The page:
Please describe your thoughts behind your recent works.
“At northmodern I’ll be showing tables, mirrors, magazine holders and other items from my interior collection. I always work in the cross-fields between art, graphic design and interiors, and I aim to seamlessly blend these worlds in my designs. A mirror becomes more than just a mirror hanging on the wall, as it can also be viewed as a sculptural piece. And a regular magazine holder may be adorned with a marble plate on top so that one can also use it as a side table.”
How is design ideally supposed to affect the lives of those who consume it?
“I would like for more consumers to dare to display sculptural pieces in their homes. People are becoming more open to the idea of things not necessarily having a function but simply existing because they’re beautiful to look at. At the same time, though, a lot of my things do double as both interior and art, as I very much like to challenge the concepts of ‘normal’ interior design pieces and their most obvious functions. The fashion world and the way it has started to engage with interior design inspires me a lot. For some years when I looked to the fashion world, I always found it to be that one step ahead of interior design in terms of boundless creativity. But now the two are more on par.”
What makes design go from good to truly great?
“When it serves multiple purposes besides the obvious.”
Is it possible to uphold one’s individualism as a designer in the face of commercial success?
“I believe so, yes. As for myself, I have made a conscious decision not to feel pressured into designing certain objects or interiors just because they may be trendy right at this moment. I design exactly what I want to design, and as many or few of a given piece as I desire. Naturally you can’t ignore the business side of things when working as a designer, but because I do so many different types of design, some limited editions, other unlimited, I have the freedom to stay in control.”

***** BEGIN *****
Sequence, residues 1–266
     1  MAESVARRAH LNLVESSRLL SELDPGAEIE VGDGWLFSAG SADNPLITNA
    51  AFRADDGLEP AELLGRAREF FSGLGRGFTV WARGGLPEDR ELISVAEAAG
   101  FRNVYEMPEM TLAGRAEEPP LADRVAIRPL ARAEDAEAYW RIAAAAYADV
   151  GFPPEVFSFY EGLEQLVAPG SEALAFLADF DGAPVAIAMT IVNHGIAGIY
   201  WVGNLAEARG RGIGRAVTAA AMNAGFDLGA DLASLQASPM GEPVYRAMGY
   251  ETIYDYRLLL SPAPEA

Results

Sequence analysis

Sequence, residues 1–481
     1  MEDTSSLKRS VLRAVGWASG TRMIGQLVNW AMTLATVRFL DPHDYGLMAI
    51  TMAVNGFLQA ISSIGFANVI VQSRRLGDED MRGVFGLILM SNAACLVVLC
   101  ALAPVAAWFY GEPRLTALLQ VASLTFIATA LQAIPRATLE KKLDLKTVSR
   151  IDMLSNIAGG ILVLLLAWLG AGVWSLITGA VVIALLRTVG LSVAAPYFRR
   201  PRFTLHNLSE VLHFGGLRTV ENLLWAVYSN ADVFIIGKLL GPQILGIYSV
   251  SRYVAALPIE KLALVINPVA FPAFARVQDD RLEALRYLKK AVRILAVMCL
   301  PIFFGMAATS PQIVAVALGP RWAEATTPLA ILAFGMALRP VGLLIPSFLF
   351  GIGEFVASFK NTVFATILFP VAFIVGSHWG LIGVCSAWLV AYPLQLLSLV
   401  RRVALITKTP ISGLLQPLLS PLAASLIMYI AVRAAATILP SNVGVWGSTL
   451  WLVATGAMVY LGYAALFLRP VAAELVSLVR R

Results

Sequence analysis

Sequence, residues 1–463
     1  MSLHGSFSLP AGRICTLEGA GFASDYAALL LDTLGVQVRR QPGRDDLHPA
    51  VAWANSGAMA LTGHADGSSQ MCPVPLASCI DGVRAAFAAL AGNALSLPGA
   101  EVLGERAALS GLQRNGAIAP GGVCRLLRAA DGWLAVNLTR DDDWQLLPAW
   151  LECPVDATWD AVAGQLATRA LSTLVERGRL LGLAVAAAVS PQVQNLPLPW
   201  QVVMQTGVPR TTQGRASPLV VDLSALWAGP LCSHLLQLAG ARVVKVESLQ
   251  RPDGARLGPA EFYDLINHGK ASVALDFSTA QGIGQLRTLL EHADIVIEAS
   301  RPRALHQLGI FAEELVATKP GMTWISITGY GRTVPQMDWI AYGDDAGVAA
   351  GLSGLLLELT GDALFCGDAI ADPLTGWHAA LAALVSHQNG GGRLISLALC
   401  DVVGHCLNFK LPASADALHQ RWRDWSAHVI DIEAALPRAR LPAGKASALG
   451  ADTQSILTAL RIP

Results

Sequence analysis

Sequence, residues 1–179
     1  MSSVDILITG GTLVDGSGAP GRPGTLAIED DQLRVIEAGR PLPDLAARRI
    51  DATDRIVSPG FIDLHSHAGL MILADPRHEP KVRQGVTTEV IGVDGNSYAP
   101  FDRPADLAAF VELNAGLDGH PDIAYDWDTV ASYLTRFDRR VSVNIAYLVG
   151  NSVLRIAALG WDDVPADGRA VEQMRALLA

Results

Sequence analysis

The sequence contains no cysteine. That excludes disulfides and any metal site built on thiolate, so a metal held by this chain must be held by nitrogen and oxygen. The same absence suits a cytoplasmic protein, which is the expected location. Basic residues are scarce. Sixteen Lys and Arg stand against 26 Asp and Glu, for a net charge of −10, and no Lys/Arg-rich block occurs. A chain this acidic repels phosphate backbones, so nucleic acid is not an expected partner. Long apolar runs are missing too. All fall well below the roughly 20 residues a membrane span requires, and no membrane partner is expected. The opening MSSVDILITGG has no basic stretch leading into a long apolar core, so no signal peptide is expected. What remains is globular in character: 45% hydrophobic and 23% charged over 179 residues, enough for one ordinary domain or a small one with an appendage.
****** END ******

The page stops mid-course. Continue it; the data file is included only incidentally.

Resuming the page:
What do you think is the key to your success as a designer in a world where so many people now work with design in one way or the other?
“The fact that I work with so many different aspects of design – illustration, furniture, photography, sculptural works. I have a design degree with emphasis on graphic design from the school of Architecture and Design at the Royal Danish School of Fine Arts, but even when studying I always had a strong interest in furniture design as well. I just can’t help wanting to work with all kinds of materials! Because I launched Kristina Dam Studio selling illustrations that were quite recognizable, over the past few years people have had to gradually get used to me doing other things as well. But thankfully I have a loyal following of retailers and consumers who seem to understand where I’m going. It’s essential for me to be able to construct my own universe of design in which I get to play around with different styles and materials, and to keep supporting my existing products with new designs.”
To what extent do you view your works and your design identity as Nordic?
“I most definitely see my designs as Nordic and myself as a Nordic designer. There’s no escaping the fact. There’s a certain characteristically Nordic simplicity that permeates all my designs, however individual they may be. In 2014 I created what has since become a pretty popular line of botanical posters, and I put great emphasis on the fact that each image had to convey this simplicity. The way so many people, a lot of interior design bloggers among them, have taken these posters to heart makes me infinitely happy. When design speaks to people individually, that’s when it really starts making sense to me.”